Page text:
Sunday Independent (Ireland) - Living - - ARTS & CIMEMA - AINE O’CON­NOR

Club Cert; Now show­ing, IFI

Some­times on any jour­ney the ten­dency is to fo­cus on how much ground is left to be cov­ered, but some­times it’s re­ally good to pause and ap­pre­ci­ate how far we have come.

This ex­cel­lent doc­u­men­tary by Betsy West and Julie Co­hen looks at the life of Ruth Bader Gins­burg, the quiet pow­er­house who has for more than half a cen­tury been at the fore­front of the bat­tle for equal­ity.

It sounds dry, but the Amer­i­can Supreme Court jus­tice with the pop icon moniker No­to­ri­ous RBG is not only a fas­ci­nat­ing sub­ject, but a tremen­dously en­gag­ing one.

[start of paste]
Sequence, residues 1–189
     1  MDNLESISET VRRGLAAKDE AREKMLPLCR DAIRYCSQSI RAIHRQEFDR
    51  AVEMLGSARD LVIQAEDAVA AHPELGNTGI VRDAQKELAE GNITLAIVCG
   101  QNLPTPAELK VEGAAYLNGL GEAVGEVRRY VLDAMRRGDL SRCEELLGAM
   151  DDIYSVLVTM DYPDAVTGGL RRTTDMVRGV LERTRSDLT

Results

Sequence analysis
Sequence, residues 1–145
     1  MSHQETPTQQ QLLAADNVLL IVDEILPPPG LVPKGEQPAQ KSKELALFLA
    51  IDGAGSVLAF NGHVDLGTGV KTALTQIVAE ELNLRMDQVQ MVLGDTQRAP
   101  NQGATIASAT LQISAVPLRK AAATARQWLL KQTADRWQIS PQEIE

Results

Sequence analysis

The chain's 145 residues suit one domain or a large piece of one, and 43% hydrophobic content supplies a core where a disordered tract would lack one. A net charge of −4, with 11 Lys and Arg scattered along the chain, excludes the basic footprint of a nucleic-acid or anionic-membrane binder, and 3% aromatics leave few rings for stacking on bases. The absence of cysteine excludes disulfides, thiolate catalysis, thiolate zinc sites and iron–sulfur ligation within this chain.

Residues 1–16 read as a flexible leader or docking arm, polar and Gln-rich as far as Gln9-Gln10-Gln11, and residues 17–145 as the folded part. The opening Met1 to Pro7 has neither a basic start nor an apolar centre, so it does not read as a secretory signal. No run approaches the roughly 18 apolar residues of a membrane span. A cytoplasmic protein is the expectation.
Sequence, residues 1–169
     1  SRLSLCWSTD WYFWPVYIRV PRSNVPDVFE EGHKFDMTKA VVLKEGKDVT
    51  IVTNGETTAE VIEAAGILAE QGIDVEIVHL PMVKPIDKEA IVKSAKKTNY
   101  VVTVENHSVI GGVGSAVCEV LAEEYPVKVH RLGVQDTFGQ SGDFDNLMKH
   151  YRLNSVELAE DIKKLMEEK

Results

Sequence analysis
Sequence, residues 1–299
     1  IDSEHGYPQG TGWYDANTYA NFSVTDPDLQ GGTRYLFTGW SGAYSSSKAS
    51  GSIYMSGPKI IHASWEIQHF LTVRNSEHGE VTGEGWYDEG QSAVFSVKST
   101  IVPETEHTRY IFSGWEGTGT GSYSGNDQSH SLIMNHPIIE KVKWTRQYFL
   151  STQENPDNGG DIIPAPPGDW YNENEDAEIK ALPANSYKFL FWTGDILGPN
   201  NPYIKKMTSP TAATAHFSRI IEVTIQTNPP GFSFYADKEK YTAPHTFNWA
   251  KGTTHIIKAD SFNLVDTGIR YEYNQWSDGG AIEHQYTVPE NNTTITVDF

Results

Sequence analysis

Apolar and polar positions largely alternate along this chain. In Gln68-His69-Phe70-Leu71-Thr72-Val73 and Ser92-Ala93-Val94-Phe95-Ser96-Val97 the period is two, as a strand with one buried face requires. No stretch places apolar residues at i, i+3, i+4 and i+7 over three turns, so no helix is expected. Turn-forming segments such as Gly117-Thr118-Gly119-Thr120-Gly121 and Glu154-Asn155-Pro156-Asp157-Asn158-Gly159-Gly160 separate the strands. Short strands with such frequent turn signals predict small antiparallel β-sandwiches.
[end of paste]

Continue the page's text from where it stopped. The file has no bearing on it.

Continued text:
There’s a par­tic­u­larly lovely mo­ment to­wards the end where the tiny 84-year old gig­gles when she is shown the Satur­day Night Live ver­sion of her­self. It is ab­so­lutely not ac­cu­rate, she says, but it is funny.

Be­cause of the cases and causes she has fought dur­ing her le­gal ca­reer, RBG is re­garded as a lib­eral rot­tweiler. But the real wo­man, while su­per­hu­manly driven, is re­served in man­ner and be­liefs; her cru­sade has not been a po­lit­i­cal one, so much as a pro­found be­lief in fair­ness and equal­ity.

She grad­u­ated from law school in 1957 as one of the top stu­dents, even though she not only had a baby at home but a hus­band who had cancer.

But not a sin­gle law firm in New York em­ployed women then, so RBG had to be­gin break­ing the bar­ri­ers that blocked the way.

She has been in­stru­men­tal in chang­ing so much of what we now take for granted; this in­sight into the wo­man be­hind the law is ut­terly charm­ing.

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